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Bank Stabilization Vital to Future of Old Vicksburg Bridge

Tue March 15, 2005 - Southeast Edition
Construction Equipment Guide

VICKSBURG, MS (AP) Bank stabilization on the Mississippi side of the U.S. 80 Mississippi River bridge will be costly but is necessary to safeguard the future of the structure, engineers and bridge officials said.

“The consequence of failure here is immense and I don’t believe we can afford not to do this,” said Max Reed, chairman of the bridge commission.

Engineers of the ABMB firm presented their initial findings to the Vicksburg Bridge Commission and recommended a multimillion-dollar project that would include the construction of new retaining walls under the 75-year-old bridge and other erosion-control measures.

To date, the commission has paid $50,000 for the initial report and approved spending up to another $75,000 for the second phase of the design work.

ABMB engineers could not say how much they anticipate the work costing, but say it will be similar, but smaller in scale, to a $25-million bluff stabilization project in Natchez.

Warren County has owned the privately built bridge since 1947 and operates it like a business, collecting tolls from the railroad and utility rentals. The span, which closed to vehicular traffic in 1998, is the only railroad crossing of the Mississippi River between Memphis and Baton Rouge. The four-lane Interstate 20 bridge is nearby.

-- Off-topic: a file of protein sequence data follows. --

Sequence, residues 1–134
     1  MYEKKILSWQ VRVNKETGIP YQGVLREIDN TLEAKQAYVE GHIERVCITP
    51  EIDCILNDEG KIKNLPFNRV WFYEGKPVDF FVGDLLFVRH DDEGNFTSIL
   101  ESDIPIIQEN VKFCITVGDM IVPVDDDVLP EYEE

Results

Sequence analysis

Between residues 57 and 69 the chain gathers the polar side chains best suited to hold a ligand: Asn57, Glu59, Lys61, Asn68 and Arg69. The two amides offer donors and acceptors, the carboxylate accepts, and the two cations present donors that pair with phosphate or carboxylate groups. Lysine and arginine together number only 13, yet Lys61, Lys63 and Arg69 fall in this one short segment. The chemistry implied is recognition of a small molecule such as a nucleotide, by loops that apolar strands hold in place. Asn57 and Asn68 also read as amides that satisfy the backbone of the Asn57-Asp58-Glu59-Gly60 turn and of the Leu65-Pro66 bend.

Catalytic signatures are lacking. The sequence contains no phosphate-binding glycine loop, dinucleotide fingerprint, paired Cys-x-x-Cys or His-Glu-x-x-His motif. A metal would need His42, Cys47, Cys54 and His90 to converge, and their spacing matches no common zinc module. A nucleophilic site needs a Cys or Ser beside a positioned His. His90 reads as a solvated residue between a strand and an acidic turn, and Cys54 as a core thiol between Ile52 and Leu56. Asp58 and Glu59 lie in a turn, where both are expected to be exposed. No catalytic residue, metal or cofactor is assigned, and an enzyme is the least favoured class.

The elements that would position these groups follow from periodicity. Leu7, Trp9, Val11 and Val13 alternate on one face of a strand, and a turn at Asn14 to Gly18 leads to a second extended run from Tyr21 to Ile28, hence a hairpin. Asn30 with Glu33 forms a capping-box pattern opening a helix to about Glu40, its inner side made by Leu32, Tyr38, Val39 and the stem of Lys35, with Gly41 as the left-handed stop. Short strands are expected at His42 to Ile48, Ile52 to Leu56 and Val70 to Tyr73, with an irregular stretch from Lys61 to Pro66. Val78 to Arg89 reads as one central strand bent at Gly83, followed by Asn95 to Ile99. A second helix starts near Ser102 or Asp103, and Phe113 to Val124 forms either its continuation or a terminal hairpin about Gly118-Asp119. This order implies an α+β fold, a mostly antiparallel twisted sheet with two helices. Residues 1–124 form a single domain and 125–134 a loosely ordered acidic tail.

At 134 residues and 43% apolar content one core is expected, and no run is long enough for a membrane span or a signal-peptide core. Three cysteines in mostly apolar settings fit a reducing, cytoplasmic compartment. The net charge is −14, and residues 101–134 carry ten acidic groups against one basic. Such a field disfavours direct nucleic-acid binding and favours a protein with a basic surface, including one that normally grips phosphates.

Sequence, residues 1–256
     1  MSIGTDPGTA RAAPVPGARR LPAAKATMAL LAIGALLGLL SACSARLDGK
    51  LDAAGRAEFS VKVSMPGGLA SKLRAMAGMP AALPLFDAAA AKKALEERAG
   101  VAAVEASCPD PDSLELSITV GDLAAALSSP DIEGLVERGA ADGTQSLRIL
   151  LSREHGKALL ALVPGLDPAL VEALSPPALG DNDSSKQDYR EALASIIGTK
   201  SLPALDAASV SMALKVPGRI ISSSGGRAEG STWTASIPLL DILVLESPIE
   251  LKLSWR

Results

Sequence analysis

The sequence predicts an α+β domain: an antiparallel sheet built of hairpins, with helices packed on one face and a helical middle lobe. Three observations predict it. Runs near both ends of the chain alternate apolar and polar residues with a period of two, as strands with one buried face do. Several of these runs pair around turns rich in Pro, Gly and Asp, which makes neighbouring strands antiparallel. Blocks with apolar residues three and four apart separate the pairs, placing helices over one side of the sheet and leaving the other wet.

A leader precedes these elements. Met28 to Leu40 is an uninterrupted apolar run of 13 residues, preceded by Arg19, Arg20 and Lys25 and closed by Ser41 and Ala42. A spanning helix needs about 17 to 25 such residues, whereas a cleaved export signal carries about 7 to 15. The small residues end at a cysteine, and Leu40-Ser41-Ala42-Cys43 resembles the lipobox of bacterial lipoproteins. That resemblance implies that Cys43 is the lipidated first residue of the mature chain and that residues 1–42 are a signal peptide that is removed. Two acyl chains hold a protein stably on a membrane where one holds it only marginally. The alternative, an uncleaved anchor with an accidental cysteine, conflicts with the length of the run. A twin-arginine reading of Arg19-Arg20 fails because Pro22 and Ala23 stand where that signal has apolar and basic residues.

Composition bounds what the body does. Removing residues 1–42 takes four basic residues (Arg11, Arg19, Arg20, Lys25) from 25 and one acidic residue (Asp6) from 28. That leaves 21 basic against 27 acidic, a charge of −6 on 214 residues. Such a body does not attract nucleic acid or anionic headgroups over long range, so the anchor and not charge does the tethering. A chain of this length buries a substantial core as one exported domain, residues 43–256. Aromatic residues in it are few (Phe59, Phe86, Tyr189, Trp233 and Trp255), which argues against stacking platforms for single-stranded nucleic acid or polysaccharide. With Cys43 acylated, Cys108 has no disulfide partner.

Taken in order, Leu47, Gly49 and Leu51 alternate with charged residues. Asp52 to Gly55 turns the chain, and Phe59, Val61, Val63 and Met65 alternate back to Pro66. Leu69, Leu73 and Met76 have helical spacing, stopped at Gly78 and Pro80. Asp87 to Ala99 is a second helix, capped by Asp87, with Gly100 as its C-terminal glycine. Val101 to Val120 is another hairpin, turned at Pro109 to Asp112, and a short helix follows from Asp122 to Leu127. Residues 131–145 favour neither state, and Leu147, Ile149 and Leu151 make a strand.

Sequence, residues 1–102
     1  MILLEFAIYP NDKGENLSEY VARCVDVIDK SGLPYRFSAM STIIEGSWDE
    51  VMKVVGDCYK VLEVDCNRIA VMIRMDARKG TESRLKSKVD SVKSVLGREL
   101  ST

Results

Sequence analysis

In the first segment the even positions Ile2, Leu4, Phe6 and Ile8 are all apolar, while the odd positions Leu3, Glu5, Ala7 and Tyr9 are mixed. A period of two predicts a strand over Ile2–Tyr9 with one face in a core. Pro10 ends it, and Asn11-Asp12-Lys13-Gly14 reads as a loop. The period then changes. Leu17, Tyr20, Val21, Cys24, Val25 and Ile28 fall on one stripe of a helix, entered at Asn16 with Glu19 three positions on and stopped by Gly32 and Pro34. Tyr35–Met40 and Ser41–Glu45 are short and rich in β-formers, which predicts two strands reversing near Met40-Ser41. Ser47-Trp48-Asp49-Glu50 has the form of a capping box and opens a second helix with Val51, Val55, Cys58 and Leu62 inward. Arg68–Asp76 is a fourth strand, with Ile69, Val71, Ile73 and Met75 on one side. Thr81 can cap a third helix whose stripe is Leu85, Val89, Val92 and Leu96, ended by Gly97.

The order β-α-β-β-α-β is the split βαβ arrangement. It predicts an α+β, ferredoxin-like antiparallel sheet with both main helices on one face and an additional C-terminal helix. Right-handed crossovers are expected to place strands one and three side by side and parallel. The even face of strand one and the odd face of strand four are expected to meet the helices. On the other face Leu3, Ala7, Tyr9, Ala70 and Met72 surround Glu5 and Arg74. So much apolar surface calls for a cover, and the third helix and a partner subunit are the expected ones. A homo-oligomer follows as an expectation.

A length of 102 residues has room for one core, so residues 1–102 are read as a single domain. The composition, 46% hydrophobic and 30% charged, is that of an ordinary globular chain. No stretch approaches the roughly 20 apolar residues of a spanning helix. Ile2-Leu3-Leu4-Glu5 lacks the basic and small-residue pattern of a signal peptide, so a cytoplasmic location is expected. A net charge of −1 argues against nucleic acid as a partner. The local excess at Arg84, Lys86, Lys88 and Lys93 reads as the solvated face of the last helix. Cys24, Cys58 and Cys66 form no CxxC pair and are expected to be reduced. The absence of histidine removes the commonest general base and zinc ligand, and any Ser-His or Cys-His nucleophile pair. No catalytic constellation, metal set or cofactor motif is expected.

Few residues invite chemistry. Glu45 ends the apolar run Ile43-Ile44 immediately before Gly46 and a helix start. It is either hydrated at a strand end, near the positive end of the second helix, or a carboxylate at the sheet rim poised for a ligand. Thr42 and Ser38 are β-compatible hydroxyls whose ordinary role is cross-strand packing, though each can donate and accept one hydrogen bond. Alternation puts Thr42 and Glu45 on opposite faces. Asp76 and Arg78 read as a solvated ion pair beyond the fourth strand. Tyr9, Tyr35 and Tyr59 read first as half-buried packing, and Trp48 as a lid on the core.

Wendel Ruff of ABMB said small retaining walls built approximately 50 years ago under the bridge just north of the Mississippi Welcome Center on Washington Street are starting to fail, opening the possibility that huge sections of the bluff could slide.

Officials said readings taken between the visitors center and the bridge indicate the ground there moved .2 in. (.5 cm) over two months.

Ruff said that while that movement isn’t alarming, it needs to be addressed.

“I think [the retaining walls are] what saved the bridge,” Ruff said. “If not for those, the loose soil would have knocked those supports off their foundations.”

Commission members have recommended converting the span’s roadbed into a pedestrian and bicycle park and have contracted with ABMB for those plans.

A park plan proposed in 1999 was rejected by voters who favored reopening the bridge approximately 2-1, but five years later that directive was rejected by county supervisors who ultimately control its fate.

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